America is aging.
Data released by the U.S. Census Bureau on Thursday shows the median age in the U.S. increased by a year to 38.2 years from 2010 to 2018.
If there’s someone to blame, it’s the baby boomers. Many in that group of Americans born between the end of World War Two and the Beatles’ American invasion in 1964 have been hitting the retirement mark in the past eight years.
“This aging is driven in large part by baby boomers crossing over the 65-year-old mark,” said Luke Rogers, the chief of the Population Estimates Branch at the Census Bureau.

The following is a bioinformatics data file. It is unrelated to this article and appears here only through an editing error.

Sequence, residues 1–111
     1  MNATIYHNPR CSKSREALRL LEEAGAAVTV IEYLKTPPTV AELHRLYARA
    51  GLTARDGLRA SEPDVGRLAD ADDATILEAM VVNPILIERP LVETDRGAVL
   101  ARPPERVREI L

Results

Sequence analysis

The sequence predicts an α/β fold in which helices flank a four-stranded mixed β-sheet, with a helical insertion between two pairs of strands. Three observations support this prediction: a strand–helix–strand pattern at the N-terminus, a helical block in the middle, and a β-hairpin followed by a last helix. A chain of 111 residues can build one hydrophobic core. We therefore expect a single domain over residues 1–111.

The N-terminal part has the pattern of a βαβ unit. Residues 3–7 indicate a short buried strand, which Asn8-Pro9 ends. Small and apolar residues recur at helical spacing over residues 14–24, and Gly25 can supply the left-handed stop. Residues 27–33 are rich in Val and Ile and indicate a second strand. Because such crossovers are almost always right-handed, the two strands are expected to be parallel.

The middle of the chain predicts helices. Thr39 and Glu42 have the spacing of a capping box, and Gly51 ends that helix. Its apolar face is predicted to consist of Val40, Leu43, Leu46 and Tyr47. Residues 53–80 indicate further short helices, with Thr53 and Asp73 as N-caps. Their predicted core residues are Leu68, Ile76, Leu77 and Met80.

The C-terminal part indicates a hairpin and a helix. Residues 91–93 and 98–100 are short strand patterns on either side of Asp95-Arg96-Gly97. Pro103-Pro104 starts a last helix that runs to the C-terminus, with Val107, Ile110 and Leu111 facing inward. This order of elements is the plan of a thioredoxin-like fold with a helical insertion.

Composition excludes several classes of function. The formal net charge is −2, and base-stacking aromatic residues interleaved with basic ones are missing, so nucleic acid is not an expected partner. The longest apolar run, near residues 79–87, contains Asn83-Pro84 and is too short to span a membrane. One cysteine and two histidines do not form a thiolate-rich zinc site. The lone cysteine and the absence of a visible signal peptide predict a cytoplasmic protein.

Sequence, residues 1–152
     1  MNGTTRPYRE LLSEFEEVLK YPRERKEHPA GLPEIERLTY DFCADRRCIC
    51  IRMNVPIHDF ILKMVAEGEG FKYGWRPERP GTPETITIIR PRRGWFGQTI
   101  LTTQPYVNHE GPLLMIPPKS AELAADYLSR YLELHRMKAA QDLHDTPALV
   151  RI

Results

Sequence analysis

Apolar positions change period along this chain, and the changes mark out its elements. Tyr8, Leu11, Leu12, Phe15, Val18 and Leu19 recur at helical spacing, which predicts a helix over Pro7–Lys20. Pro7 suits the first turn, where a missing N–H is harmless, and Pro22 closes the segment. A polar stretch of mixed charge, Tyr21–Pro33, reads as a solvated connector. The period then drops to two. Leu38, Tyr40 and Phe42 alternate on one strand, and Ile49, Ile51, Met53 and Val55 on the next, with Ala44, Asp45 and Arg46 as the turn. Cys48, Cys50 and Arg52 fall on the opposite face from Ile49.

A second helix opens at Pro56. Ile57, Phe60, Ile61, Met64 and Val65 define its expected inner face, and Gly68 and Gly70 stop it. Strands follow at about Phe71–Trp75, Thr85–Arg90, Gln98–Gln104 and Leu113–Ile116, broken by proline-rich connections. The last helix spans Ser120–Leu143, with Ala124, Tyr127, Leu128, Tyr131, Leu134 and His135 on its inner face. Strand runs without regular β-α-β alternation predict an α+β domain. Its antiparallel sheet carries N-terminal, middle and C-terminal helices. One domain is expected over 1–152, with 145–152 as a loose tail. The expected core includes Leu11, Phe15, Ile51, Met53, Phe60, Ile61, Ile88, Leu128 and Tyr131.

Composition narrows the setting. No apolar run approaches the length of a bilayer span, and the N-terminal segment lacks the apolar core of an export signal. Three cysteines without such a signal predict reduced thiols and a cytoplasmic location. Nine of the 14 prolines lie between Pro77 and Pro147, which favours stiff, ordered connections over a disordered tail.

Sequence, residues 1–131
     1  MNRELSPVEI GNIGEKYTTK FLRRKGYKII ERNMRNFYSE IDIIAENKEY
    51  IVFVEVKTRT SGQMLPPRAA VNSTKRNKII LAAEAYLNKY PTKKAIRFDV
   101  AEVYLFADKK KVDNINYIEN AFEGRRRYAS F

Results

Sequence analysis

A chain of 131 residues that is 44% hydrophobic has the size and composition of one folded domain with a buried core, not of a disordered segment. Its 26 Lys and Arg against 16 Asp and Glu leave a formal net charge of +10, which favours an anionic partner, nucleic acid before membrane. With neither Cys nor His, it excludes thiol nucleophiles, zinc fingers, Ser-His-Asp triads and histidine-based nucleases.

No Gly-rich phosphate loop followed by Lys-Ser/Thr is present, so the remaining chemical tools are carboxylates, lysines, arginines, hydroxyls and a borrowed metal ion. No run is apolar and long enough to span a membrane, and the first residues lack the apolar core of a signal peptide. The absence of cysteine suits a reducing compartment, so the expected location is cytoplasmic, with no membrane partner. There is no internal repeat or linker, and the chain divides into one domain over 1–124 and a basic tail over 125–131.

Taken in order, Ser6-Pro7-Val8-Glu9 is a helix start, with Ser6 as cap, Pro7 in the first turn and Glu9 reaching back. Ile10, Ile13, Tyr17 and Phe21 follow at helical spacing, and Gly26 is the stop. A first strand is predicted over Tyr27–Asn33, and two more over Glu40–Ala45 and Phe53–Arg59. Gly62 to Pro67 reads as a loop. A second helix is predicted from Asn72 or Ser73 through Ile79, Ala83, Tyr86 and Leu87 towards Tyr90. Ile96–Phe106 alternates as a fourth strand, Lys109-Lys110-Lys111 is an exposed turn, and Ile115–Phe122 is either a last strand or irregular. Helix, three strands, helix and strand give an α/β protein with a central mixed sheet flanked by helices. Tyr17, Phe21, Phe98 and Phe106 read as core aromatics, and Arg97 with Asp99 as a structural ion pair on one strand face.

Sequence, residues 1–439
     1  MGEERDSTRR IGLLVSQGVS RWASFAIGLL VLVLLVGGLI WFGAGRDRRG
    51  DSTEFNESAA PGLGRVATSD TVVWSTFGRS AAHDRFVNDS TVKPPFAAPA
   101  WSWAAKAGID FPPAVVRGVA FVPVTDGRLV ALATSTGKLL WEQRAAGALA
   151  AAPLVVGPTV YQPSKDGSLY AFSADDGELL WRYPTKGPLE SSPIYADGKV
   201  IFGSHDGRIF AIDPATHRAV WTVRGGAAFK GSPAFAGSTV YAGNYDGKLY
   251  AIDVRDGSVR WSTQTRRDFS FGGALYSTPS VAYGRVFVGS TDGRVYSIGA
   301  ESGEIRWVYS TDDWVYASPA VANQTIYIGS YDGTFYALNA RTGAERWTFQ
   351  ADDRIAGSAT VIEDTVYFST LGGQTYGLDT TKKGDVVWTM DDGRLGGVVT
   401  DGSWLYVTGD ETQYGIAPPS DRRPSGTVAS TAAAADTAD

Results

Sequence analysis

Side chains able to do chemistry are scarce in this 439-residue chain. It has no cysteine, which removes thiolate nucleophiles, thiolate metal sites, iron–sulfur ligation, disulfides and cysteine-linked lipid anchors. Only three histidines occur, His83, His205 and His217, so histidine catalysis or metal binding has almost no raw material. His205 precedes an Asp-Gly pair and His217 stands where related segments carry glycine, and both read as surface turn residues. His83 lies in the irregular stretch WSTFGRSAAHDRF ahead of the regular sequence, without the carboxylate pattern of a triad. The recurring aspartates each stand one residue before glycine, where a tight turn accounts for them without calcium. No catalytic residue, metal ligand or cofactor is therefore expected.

The gray hairs are showing up faster in some places than others, at least percentage-wise.
In Puerto Rico, the median age jumped by almost 6 years, from 36.9 years to 42.8 years. That was driven by younger people moving to the U.S. mainland after Hurricane Maria caused widespread destruction on the island in 2017.
Among U.S. states, Maine had the greatest increase in median age, 2.2 years, going from 42.7 years to 44.9 years. For several years now, Maine has been ahead of the curve with an aging population, a result of stagnant growth where deaths outnumber births and few people moving in.
The only state whose median age got younger was North Dakota, which has undergone a population boom driven by growth in the energy sector. The median age went from 37 years in 2010 to 35.2 years in 2018.
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